Jonathan Harnisch's inherent traits transpose to his art, making his works some of the most original and thought provoking of modern day.
Jonathan Harnisch: An Alibiographyby Jonathan Harnisch
Envision a blend of a mentally ill mind with unsurpassed resiliency and fiery intellect and your result would be the brilliant Jonathan Harnisch. An all-around artist, Jonathan writes fiction and screenplays, sketches, imagines, and creates. His inherent traits transpose to his art, making his works some of the most original and thought provoking of modern… See more details below
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Envision a blend of a mentally ill mind with unsurpassed resiliency and fiery intellect and your result would be the brilliant Jonathan Harnisch. An all-around artist, Jonathan writes fiction and screenplays, sketches, imagines, and creates. His inherent traits transpose to his art, making his works some of the most original and thought provoking of modern day.
'What A Powerful Book'
"I confess, tears fell in some spots, as Ben came to know what had happened to him as a child. Harnisch has chosen the perfect way to express what a mentally ill mind actually FEELS like. The incessant repetition of Georgie's morning routine, with new variants every time, his "first dates" with Claudia, over and over again--all gave a disturbing and VERY uncomfortable "edge" to the book that left my brain spinning by the end. It's brilliant."
BENJAMIN (BEN, BENJY) SCHREIBER has Tourette's syndrome, which causes him to display uncontrollable tics and hops, and to stutter and swear inappropriately. He is bullied through his school years and can never form firm friendships, especially with women. He is simply incapable of happiness. In his late twenties, he plunges into a downward spiral of drug and alcohol abuse, which culminates in an attempted bank robbery using a cell phone as a fake bomb. He is arrested and placed under psychiatric evaluation, where his psychiatrist, Dr C, quickly sees Ben's affliction as more than just Tourette's. Ben is not alone: Inside his head lives GEORGIE GUST, Ben's alter ego. Georgie is obsessed with his manipulative but extremely sexual next door neighbor CLAUDIA NESBITT and shares a sadomasochistic relationship with her that is supported only by his obsession--Claudia has no love for Georgie. Ben is desperately searching for someone --Claudia Nesbitt as the Perfect Woman--who will provide him the unconditional love that he never received as a boy. He finds it easier to retreat into his mind to share Georgie's sick obsession with Georgie's cruel and abusive Claudia than to deal with his real issues. Dr C senses that Ben is suffering from some type of post-traumatic stress that occurred early in Ben's childhood and that he uses Georgie as an escape when bad memories start to surface. It is up to Dr C to help Ben face the buried terrors of his childhood so that he can finally let go of Georgie and reduce him to the literary character that the writer Ben wants him to be.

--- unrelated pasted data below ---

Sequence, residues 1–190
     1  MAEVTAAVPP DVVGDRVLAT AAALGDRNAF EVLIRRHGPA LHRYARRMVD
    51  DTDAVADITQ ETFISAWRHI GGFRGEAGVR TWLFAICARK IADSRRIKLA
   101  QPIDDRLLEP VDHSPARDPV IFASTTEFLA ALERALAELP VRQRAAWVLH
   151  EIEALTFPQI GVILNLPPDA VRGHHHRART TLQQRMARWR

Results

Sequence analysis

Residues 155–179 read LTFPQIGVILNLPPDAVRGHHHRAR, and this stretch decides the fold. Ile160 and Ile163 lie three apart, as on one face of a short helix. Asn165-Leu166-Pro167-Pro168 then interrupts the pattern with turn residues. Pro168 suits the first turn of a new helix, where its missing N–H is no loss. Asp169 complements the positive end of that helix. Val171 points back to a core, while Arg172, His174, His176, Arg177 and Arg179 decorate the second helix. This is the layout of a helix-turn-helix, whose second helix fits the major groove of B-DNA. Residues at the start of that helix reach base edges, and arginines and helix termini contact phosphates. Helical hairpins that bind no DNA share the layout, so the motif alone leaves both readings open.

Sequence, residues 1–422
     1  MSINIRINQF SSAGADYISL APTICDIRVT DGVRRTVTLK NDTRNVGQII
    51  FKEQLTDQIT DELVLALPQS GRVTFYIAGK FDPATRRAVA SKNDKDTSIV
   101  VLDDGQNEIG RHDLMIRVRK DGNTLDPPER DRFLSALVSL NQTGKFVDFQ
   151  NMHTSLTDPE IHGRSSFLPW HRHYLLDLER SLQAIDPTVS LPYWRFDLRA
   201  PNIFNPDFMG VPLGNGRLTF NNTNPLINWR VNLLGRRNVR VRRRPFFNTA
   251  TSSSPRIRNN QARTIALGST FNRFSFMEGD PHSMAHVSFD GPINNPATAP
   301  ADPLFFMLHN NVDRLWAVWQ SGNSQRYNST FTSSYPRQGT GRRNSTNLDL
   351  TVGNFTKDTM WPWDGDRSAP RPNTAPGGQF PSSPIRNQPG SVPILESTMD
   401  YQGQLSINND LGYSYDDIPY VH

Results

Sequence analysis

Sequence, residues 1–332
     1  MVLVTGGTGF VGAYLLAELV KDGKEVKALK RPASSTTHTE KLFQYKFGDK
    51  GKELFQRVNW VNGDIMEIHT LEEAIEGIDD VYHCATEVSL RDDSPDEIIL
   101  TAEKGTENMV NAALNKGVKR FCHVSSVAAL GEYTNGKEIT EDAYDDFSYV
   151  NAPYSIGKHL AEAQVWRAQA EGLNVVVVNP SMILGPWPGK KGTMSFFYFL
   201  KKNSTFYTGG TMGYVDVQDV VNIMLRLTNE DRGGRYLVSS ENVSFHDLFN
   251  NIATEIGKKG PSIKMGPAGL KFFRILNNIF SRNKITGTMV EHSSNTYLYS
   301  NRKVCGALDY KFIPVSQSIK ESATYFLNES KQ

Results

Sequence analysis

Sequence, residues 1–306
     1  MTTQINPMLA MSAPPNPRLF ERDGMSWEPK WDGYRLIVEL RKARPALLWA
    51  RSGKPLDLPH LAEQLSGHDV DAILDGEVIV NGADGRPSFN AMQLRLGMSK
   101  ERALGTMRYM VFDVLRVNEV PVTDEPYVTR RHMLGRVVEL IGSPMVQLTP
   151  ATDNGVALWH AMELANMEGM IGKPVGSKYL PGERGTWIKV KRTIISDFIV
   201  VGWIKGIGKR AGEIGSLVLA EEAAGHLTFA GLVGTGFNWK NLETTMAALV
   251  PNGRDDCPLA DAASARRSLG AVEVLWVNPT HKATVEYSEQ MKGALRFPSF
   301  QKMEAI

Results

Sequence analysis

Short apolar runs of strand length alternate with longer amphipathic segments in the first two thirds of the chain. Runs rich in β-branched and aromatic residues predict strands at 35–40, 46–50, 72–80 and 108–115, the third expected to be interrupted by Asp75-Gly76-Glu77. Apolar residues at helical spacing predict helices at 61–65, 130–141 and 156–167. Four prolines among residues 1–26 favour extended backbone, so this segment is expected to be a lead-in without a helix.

As its title suggests, Jonathan Harnisch: An Alibiography is actually based on Harnisch's own experiences as a person diagnosed with a comorbid schizoaffective spectrum condition. Ben and Georgie and Claudia were/are all part of his past, part of what has led to his becoming a writer. Jonathan Harnisch: An Alibiography represents his first manuscript of appreciable length. Its target audience is adult readers who enjoy the transgressive style that best depicts the intricacies of a mentally ill mind.
"How simple it is to see that we can only be happy now, and that there will never be a time when it is not now. Would I trade my comorbid schizoaffective spectrum condition? No way. Never. Too many gifts, like Georgie Gust and Claudia Nesbitt, come along with it." --Jonathan Harnisch
'I Loved This Book–Everything About It'
"As I an undergrad, I was required–emphasis on required–to read Jean Genet's Our Lady of the Flowers, a very early example of transgressive fiction, and although I could appreciate the literary value of the book, it was almost impossible to read because of Genet's approach to his characters–he didn't seem to like any of them, and his prose seemed more to ridicule than explore their foibles. As a result of reading Genet's work so many years ago, I have never thought I liked transgressive fiction, never thought I'd read it again, and then along came Jonathan Harnisch: An Alibiography. Wow. What a difference. Harnisch's Georgie Gust is such a beautifully written, tragic character, who the reader can't help but cheer on. You want Georgie to be happy. What an accomplishment. Harnisch wades into a genre in which disconnected, ugly sexual encounters predominate, and yet you just want Georgie to get it together, be happy, and see the world as his friend. Genius. I loved this book."
'Inwards To The Outward'
"Harnisch's sense of the inner machinations of human experience spring into life through text. An almost ritualized sojourn, much like the classic hero's journey, takes place before the reader's eyes and leads to insights both sanguine and sometimes disturbing. True to the modern form of literature, Harnisch uses all tools available to catch the reader in a spider's web of story while exposing humanity's own false prophets. Truly a great read!"
- Jonathan Harnisch
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